A man has been charged following a bushfire at Mangrove Creek, on the Central Coast of NSW. Police observed in two locations that were extinguished, no building structures were damaged. The 40-year-old was arrested at the scene and refused bail, charged with setting fire to land of other during total fire ban and intentionally cause fire and be reckless as to its spread.
A 13-year-old boy has been arrested in Orange following a grass fire causing the evacuation of an animal shelter. Police were told a group of teenagers were seen walking along the grassed area, one of these teens was allegedly seen lighting fires before the grass caught alight and the group fled.
A 32-year-old man is assisting police after deliberately lit fires started at the Dargavilles Road area at Nabiac, on the NSW north coast.
Why Were The Conditions So 'Catastrophic'?
Firefighters have been enduring "catastrophic" fire danger conditions caused by extreme heat, strong winds and low humidity. In these conditions, blazes spread quickly and are very difficult for firefighters to contain
NSW Rural Fire Service Commissioner Shane Fitzsimmons says there are dozens of homes under threat. There is no indication fires have been deliberately lit, he added.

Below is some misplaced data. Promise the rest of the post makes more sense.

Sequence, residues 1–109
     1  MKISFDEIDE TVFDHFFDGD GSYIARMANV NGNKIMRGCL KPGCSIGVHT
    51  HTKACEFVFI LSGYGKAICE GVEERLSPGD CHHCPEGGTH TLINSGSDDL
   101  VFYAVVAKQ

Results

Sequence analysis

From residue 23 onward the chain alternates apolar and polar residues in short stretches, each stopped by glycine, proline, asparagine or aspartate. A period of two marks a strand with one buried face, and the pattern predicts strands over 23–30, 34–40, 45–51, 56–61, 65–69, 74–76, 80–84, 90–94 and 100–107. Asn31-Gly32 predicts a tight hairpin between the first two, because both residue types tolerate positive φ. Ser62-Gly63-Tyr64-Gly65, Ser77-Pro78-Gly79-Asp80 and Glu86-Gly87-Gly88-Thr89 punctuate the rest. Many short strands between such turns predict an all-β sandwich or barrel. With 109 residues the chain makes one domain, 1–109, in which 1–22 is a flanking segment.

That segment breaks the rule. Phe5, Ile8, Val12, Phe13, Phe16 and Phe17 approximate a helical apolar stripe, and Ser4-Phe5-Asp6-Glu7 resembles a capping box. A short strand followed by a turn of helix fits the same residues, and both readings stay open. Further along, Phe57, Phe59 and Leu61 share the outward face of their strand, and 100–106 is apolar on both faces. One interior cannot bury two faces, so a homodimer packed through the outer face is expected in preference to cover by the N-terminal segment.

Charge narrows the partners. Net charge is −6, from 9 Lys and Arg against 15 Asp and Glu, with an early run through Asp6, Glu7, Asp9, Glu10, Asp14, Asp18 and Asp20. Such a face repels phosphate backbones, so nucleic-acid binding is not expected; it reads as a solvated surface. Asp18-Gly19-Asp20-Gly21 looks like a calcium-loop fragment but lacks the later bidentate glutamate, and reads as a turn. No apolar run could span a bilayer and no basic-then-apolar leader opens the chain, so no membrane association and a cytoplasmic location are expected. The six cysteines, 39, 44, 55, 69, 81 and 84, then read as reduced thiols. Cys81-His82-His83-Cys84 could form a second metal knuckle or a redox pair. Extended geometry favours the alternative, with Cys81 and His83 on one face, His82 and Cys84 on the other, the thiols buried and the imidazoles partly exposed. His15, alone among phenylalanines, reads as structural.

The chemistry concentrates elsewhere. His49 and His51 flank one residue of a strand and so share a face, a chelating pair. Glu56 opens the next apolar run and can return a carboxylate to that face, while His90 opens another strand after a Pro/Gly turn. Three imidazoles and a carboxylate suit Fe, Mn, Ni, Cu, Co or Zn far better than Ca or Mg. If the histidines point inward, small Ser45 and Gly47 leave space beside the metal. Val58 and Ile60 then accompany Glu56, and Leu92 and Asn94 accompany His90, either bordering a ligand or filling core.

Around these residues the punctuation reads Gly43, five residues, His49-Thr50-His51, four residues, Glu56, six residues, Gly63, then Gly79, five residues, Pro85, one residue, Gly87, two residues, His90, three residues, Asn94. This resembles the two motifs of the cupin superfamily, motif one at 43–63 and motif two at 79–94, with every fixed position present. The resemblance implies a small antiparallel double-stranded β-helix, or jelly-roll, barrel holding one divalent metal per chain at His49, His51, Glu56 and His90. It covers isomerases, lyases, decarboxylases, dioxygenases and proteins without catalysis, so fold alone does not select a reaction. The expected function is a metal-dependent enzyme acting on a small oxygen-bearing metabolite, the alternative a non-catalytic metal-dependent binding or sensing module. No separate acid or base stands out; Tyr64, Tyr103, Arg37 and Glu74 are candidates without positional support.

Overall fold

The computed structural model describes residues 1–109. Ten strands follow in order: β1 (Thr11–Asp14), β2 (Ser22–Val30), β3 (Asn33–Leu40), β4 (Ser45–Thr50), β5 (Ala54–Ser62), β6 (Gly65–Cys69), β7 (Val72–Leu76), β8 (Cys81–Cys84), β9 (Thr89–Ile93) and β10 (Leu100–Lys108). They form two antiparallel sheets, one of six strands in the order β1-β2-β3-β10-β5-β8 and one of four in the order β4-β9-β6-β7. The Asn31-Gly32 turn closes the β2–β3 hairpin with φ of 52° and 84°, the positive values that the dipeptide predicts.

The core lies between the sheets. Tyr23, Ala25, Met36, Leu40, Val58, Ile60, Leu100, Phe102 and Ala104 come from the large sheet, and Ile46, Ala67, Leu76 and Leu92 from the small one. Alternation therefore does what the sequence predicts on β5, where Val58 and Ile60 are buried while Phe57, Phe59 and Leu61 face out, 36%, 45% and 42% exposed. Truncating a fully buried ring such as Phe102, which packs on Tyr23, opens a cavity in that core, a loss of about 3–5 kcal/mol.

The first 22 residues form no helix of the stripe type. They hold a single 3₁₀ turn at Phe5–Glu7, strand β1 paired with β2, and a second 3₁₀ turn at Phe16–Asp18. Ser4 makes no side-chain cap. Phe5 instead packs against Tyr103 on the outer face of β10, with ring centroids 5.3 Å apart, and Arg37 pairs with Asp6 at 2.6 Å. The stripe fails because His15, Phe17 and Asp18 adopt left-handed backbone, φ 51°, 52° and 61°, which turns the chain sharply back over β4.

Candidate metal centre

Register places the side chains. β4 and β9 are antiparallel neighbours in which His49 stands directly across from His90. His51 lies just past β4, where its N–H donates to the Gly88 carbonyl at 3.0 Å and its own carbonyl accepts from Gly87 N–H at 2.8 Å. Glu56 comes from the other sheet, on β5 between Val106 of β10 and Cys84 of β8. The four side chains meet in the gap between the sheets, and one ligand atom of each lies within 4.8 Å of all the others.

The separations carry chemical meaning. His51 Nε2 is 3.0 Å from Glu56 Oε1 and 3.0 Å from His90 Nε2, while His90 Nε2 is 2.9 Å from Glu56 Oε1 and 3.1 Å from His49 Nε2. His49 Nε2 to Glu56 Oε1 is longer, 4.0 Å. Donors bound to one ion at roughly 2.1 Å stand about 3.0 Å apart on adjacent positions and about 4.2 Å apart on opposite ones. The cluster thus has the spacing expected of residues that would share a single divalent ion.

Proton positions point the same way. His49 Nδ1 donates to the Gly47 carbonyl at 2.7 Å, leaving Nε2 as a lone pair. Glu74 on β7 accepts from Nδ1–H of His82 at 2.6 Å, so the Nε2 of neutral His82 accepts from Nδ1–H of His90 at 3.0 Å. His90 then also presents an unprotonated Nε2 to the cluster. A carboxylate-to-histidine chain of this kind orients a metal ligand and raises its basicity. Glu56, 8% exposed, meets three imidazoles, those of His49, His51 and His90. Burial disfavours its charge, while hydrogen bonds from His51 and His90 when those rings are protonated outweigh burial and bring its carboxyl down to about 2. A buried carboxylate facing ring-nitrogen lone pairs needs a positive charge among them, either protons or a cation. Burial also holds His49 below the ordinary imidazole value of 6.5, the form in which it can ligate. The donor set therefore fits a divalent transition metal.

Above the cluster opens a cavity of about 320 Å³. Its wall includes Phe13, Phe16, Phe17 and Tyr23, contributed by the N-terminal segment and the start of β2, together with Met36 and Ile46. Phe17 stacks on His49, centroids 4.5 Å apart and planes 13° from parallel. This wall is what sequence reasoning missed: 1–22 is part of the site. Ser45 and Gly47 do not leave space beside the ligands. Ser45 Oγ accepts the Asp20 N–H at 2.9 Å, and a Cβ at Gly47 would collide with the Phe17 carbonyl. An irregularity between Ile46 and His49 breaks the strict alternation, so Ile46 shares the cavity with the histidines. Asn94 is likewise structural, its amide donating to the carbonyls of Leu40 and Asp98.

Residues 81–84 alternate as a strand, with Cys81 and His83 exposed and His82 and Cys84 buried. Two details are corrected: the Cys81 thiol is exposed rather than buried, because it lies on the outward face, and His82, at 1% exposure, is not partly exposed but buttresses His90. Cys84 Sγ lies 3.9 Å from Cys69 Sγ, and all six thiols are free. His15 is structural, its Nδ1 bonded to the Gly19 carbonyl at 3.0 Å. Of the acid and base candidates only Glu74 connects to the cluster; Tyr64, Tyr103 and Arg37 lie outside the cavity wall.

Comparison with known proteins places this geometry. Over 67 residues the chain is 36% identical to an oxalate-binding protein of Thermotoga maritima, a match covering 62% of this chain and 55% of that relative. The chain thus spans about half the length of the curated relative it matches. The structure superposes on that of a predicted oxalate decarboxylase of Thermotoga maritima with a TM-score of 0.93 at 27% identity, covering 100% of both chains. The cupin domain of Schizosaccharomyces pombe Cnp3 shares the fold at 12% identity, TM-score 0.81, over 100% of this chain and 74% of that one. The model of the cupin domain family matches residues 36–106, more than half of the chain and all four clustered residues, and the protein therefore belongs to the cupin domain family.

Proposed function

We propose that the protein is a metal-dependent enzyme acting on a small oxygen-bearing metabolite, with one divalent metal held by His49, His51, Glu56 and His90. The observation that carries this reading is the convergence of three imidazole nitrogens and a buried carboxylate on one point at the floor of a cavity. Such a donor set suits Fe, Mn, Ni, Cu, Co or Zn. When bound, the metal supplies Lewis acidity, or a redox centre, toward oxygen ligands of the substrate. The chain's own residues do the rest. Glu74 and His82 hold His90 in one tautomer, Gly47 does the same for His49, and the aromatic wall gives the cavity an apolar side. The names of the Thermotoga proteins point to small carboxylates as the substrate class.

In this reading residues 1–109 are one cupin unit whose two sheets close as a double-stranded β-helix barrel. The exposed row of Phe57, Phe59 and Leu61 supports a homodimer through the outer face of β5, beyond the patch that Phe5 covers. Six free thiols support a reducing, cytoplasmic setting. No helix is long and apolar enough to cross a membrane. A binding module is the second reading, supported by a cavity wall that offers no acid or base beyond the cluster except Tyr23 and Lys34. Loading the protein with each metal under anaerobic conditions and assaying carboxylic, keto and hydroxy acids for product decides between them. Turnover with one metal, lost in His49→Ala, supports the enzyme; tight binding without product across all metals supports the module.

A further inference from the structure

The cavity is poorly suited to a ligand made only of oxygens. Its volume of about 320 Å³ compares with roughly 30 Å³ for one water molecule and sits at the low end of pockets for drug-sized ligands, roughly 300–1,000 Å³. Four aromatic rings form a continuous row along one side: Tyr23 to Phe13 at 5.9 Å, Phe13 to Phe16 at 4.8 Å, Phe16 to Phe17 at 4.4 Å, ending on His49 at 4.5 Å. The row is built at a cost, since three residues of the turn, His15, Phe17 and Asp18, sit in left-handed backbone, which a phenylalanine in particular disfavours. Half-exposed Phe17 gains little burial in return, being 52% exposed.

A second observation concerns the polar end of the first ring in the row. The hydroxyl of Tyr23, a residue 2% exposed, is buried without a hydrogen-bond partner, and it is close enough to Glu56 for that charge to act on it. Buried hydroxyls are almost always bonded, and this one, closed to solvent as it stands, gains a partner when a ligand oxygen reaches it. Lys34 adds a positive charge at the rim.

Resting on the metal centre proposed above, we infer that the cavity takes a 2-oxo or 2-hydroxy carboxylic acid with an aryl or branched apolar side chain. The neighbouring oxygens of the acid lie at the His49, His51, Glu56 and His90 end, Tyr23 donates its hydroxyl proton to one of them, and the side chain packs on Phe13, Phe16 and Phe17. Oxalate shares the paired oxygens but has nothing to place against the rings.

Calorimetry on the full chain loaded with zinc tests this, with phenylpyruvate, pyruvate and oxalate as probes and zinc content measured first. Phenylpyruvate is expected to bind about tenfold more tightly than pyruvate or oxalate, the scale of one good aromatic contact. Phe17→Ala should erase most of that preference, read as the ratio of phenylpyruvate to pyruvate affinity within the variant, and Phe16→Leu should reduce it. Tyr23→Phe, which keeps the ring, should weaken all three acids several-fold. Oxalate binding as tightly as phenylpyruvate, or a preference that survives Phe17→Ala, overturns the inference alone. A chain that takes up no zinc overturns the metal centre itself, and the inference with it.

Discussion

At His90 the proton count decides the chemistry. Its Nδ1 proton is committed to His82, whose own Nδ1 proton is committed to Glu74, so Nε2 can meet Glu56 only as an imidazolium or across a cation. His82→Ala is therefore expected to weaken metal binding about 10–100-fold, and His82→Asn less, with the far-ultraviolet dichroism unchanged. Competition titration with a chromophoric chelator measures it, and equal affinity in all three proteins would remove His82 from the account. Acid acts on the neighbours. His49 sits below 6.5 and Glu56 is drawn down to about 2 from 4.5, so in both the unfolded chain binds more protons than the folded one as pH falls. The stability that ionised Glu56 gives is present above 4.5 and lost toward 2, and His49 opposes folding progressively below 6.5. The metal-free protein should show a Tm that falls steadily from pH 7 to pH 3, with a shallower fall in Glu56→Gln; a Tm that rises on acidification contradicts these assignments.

At 1pm AEDT there were more than 70 fires burning across the state, this increased to 87 by 3pm. Seven other fires are at "watch and act" level, RFS advises, with those blazes burning in the Gloucester, Mid-Coast and Port Macquarie local government areas.
Firefighters are bracing for southerly winds notorious for creating extremely dangerous conditions.
The RFS said telephone warning messages had been sent to homes and mobile telephones in the area affected by catastrophic fire danger.
NSW Rural Fire Service Commissioner Shane Fitzsimmons described the conditions as being "as bad as it gets", telling Fairfax Media that the forecast was "without precedent in NSW".
RFS Deputy Commissioner Rob Rogers said it would be tough day for many across the state.
"The simple message to the community in those areas particularly affected by catastrophic fire conditions is, do not be in a position where you may find yourself in front of a fire because you won't survive it," Rogers told ABC television.
"Just avoid being in those areas today and make sure that you're well away from the potentially fire affected areas."
The predicted fire danger comes as many parts of the nation swelter through a heatwave that saw the mercury climb past 40 degrees Celsius in NSW, South Australia, the ACT and Queensland on Saturday.
In Sydney, where temperatures climbed into the high 40s on Saturday, it is now officially the hottest summer in the city on record, with 10 summer days over 35C, according to Bureau of Meteorology.
Most capital cities are forecast to be cooler on Sunday except for Brisbane which is predicted to reach a maximum of 39C.
In some parts of Queensland's south, the heat is forecast to be so extreme that temperature records could tumble for the second day in a row, according to NewsCorp Australia.